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Exhibition captures a magnificent obsession

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Picture perfect: Nemai Ghosh at ‘Satyajit Ray: From Script to Screen’, an exhibition of photographs on the legendary film-maker, at The National Gallery of Modern Art in Bangalore on Wednesday.
Picture perfect: Nemai Ghosh at ‘Satyajit Ray: From Script to Screen’, an exhibition of photographs on the legendary film-maker, at The National Gallery of Modern Art in Bangalore on Wednesday.

Staff Reporter

Satyajit Ray’s legendary chronicler brings to town a tiny fraction of his work

Bangalore: “These pictures are precious to me. I took these pictures of Satyajit Ray between 1967 and 1992 at my own expense. I often felt I was in a trance while taking them,” said Nemai Ghosh, who, for a quarter of a century, chronicled practically every cinematic moment of the legendary filmmaker.

Just a fraction of this distinguished body of work is on show at the National Gallery of Modern Art. The exhibition – “Satyajit Ray: From Script to Screen” – comprises 101 photographs capturing the great man in various stages of filmmaking and will be on display till November 27.

Mr. Ghosh told The Hindu that he learnt a lot from one of India’s greatest auteurs. “As I followed him keenly; I learnt many lessons. He was a composite filmmaker. I treat each picture as if it were my child.”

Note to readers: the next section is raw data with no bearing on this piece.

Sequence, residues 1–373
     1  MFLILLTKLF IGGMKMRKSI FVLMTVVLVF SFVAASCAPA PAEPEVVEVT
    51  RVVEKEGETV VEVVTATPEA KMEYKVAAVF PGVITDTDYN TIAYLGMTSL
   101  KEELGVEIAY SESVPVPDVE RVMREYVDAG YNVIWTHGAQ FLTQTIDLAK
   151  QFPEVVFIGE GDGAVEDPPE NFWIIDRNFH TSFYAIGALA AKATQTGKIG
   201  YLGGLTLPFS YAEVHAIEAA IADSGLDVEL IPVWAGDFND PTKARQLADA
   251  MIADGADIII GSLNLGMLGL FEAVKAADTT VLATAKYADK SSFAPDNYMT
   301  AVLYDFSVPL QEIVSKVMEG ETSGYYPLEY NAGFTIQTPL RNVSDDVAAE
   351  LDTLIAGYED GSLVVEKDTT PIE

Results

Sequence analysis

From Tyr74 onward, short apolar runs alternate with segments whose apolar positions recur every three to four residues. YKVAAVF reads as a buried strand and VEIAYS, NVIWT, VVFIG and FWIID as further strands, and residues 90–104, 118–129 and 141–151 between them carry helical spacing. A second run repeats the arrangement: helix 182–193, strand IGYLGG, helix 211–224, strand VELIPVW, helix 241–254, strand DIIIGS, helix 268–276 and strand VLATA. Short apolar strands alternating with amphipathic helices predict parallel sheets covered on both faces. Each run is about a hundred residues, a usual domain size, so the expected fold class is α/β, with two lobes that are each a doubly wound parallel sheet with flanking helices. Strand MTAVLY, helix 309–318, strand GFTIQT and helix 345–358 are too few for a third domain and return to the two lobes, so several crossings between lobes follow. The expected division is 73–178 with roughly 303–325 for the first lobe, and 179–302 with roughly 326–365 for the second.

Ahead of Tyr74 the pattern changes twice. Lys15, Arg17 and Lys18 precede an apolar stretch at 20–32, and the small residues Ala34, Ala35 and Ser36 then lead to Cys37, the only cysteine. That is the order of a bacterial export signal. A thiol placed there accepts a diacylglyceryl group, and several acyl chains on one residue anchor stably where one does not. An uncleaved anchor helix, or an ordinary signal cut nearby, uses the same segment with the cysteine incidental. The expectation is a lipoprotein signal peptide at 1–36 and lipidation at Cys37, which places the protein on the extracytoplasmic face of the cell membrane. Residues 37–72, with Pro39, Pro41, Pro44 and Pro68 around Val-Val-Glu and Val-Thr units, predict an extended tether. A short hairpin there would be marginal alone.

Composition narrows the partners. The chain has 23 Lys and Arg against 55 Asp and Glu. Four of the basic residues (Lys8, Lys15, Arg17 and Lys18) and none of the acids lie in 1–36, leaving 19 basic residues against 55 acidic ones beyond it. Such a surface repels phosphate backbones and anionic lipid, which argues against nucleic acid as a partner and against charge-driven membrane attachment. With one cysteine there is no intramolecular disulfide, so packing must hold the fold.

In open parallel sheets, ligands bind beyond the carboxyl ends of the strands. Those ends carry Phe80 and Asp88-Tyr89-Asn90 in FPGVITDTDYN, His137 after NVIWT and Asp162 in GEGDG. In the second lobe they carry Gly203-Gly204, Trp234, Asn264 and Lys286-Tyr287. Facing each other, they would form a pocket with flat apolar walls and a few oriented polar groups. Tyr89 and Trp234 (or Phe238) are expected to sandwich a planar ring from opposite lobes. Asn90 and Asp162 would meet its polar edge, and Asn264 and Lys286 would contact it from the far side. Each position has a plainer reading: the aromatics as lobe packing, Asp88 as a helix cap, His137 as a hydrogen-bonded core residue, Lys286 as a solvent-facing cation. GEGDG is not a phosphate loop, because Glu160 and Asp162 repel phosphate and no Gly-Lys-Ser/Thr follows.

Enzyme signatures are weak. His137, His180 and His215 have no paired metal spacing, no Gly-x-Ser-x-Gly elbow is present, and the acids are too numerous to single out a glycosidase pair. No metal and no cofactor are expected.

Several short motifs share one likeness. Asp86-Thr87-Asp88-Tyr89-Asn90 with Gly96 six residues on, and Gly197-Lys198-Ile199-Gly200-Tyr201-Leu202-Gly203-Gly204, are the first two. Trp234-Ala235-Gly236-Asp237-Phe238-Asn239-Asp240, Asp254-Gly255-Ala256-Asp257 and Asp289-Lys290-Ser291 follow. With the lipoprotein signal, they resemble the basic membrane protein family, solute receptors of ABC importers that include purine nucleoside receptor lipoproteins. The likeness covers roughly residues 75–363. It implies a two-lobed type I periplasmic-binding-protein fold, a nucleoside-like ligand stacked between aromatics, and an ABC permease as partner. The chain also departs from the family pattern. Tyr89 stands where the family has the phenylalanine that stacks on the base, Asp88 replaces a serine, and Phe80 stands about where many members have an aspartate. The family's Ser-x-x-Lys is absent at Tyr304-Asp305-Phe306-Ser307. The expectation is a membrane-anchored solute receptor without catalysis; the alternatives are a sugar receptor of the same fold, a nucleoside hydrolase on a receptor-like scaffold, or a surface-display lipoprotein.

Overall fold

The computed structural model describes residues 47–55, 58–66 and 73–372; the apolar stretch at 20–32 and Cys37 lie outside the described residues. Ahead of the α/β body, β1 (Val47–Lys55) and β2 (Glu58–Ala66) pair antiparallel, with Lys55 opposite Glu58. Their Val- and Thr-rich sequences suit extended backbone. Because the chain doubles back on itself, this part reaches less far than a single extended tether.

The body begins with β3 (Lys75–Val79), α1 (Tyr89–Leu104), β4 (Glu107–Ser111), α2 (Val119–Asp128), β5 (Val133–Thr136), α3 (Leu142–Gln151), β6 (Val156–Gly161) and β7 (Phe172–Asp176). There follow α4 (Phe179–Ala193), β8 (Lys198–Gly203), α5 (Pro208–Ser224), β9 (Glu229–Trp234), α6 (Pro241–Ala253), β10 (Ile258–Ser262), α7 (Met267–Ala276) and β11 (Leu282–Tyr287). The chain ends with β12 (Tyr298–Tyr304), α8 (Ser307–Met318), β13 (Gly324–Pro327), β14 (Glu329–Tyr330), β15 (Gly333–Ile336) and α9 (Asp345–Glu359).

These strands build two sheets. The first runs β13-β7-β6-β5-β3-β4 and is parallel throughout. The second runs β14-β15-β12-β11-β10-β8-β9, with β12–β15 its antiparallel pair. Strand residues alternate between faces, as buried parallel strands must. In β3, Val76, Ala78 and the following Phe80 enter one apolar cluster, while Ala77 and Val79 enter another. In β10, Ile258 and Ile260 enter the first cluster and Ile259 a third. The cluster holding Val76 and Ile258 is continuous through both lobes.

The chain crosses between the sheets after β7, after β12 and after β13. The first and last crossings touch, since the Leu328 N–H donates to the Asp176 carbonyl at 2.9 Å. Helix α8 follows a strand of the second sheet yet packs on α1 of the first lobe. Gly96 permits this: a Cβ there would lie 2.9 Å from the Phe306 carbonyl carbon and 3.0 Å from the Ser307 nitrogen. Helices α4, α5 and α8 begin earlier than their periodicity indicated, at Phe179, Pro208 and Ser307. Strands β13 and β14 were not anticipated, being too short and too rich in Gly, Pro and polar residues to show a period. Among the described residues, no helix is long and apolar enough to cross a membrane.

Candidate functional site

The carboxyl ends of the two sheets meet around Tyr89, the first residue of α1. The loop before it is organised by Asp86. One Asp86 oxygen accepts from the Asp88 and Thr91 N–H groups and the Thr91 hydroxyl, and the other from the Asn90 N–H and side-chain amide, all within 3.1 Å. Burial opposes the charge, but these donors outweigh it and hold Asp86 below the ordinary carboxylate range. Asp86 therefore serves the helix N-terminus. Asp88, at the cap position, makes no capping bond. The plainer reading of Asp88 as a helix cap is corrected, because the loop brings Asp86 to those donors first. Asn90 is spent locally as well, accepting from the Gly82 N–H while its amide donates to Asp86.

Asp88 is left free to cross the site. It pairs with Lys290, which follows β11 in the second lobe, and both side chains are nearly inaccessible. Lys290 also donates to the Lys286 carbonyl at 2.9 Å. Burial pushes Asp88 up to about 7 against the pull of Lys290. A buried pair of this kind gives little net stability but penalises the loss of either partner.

He said that a few years ago, unable to preserve the negatives himself, he offered his collection to Government of India. “They were not in the least bit interested. I was frustrated and even contemplated dumping the negatives into the Ganges. Now, however, a gallery in New Delhi has come forward to scan and preserve them.”

The exhibition documents the late filmmaker’s career and provides an insight into the perceptive capabilities of another innovative mind’s experiences. Skilfully shot, these photographs move beyond mere documentation, each revealing a story of the creative process.

Four films complementing the exhibition will be screened between 11 a.m. and 3 p.m. (Satyajit Ray Negatives, My Life with Manikda, The Inner Eye (English), and Shyam Benegal’s Satyajit Ray Part 1 and 2). Jawhar Sircar, Secretary, Ministry of Culture, Government of India, said Mr. Ghosh had managed to capture every fleeting moment of Mr. Ray’s professional life.

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